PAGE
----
We’re all hopefully a little more concerned about health these days, but with that concern comes a growing demand for products like hand sanitizer, disinfectant, and masks. Some masks are supposed to be single-use only, but with the shortage [Bob] thought it would be good if there were a way to sanitize things like masks without ruining them. He was able to modify a microwave oven to do just that.
His microwave doesn’t have a magnetron anymore, which is the part that actually produces the microwaves for cooking. In its place is an ultraviolet light which has been shown to be effective at neutralizing viruses. The mask is simply placed in the microwave and sterilized with the light. He did have to make some other modifications as well since the magnetron isn’t always powered up when cooking, so instead he wired the light into the circuit for the turntable so that it’s always powered on.
Since UV can be harmful, placing it in the microwave’s enclosure like this certainly limits risks. However, we’d like to point out that the mesh on the microwave door is specifically designed to block microwaves rather than light of any kind, and that you probably shouldn’t put your face up to the door while this thing is operating. Some other similar builds have addressed this issue. Still, it’s a great way to get some extra use out of your PPE.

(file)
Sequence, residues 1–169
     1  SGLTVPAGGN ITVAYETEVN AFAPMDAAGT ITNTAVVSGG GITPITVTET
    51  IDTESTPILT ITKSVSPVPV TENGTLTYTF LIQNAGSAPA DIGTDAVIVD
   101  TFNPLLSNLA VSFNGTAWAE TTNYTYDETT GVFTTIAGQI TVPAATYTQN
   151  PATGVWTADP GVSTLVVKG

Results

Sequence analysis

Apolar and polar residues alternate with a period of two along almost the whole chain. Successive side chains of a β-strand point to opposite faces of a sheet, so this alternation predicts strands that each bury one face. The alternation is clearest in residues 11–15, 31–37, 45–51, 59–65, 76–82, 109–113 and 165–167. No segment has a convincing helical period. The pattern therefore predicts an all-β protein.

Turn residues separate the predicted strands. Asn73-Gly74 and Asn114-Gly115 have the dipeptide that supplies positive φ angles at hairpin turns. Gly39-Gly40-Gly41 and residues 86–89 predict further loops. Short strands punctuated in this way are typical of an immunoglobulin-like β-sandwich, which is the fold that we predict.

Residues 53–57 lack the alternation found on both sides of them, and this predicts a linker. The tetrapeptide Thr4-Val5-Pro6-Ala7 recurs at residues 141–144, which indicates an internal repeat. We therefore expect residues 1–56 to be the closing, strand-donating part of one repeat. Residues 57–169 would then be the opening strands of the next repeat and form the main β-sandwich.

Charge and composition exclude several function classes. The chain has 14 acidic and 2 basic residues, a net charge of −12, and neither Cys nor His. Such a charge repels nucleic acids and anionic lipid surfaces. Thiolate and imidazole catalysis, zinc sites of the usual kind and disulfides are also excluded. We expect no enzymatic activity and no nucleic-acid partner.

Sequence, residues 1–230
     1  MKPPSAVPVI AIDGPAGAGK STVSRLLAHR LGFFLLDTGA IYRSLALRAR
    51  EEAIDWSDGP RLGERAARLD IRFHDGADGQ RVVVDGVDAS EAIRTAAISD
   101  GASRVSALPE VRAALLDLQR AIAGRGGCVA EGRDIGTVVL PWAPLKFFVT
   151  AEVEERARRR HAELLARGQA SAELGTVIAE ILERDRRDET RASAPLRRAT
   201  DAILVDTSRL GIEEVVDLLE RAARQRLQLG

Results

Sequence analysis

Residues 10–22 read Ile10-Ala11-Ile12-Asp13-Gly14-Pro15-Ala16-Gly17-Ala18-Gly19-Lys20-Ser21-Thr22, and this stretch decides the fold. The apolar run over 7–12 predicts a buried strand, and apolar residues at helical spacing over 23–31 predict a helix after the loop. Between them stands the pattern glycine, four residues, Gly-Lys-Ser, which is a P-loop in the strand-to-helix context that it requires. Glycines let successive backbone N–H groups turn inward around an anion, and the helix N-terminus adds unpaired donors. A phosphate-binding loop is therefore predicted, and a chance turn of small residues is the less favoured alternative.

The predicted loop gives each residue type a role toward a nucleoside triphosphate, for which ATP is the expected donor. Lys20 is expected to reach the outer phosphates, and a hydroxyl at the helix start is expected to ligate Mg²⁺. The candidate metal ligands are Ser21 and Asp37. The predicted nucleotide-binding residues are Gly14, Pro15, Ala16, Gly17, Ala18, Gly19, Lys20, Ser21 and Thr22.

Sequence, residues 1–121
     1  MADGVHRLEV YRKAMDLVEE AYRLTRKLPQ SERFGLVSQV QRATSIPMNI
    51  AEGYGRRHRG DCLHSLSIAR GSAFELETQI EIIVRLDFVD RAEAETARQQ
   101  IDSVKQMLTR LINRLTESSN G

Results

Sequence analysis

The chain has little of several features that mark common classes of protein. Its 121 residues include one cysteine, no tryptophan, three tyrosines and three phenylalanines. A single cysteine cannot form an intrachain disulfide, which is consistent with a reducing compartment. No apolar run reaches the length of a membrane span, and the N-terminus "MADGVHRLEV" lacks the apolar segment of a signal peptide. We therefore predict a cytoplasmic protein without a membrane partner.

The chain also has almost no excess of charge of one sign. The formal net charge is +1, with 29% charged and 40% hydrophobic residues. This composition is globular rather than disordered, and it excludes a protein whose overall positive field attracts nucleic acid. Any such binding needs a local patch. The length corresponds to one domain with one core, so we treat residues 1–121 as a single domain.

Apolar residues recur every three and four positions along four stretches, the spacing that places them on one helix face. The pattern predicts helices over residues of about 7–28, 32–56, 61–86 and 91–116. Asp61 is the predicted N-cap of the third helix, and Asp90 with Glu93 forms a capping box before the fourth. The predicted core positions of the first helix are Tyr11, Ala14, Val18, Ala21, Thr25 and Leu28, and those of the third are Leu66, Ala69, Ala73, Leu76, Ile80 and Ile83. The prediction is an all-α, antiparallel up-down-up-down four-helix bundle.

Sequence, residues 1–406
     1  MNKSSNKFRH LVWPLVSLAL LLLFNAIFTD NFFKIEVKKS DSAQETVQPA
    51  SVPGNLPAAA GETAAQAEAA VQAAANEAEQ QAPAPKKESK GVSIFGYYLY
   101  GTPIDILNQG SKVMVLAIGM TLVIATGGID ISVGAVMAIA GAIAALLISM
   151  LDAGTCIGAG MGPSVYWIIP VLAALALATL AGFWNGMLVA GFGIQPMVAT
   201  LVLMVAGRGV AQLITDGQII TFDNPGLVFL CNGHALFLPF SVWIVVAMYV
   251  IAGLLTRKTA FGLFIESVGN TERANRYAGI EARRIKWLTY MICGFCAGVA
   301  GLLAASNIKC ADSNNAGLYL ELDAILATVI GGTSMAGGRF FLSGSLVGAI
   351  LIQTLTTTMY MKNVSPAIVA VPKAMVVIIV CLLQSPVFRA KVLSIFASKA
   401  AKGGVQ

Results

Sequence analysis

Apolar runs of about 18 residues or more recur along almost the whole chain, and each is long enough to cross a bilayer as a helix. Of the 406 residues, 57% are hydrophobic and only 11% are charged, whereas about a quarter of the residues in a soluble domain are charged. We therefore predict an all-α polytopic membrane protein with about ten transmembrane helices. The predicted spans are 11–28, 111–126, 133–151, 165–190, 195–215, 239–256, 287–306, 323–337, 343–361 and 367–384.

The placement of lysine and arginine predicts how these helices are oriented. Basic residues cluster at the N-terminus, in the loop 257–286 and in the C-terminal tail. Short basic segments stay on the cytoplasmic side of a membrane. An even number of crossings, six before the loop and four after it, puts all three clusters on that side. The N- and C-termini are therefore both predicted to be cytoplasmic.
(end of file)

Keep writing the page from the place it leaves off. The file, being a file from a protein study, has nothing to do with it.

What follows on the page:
Designed to be used once and then disposed of, personal protective equipment (PPE) such as N95 face masks proved to be in such short supply during the early days of the COVID-19 pandemic that getting a few extra uses out of them by sanitizing them after a shift seemed smart. And so we saw a bunch of designs for sanitizing chambers, mostly based on UV-C light and mostly, sad to say, somewhat dodgy looking. This UV-C disinfection chamber, though, looks like a much better bet.
The link above is to the final installment of a nine-part series by [Jim] from Grass Roots Engineering. The final article has links to all the earlier posts, which go back [Jim]’s early research on UV-C sanitization methods back in March. This led him to settle on an aquarium sanitizer as his UV-C source. A second-hand ultraviolet meter allowed him to quantify the lamp’s output and plan how best to use it, which he did using virtual models of various styles of masks. Knowing that getting light on every surface of the mask is important, he designed a mechanism to move the mask around inside a reflective chamber. The finished chamber, which can be seen in the video below, is 3D-printed and looks like it means business, with an interlock for safety and a Trinket for control.
We love the level of detail [Jim] put into these posts and the thoughtful engineering approach he took toward this project. And we appreciate his careful testing, too — after all, it wouldn’t do to use a germicidal lamp that actually doesn’t emit UV-C.
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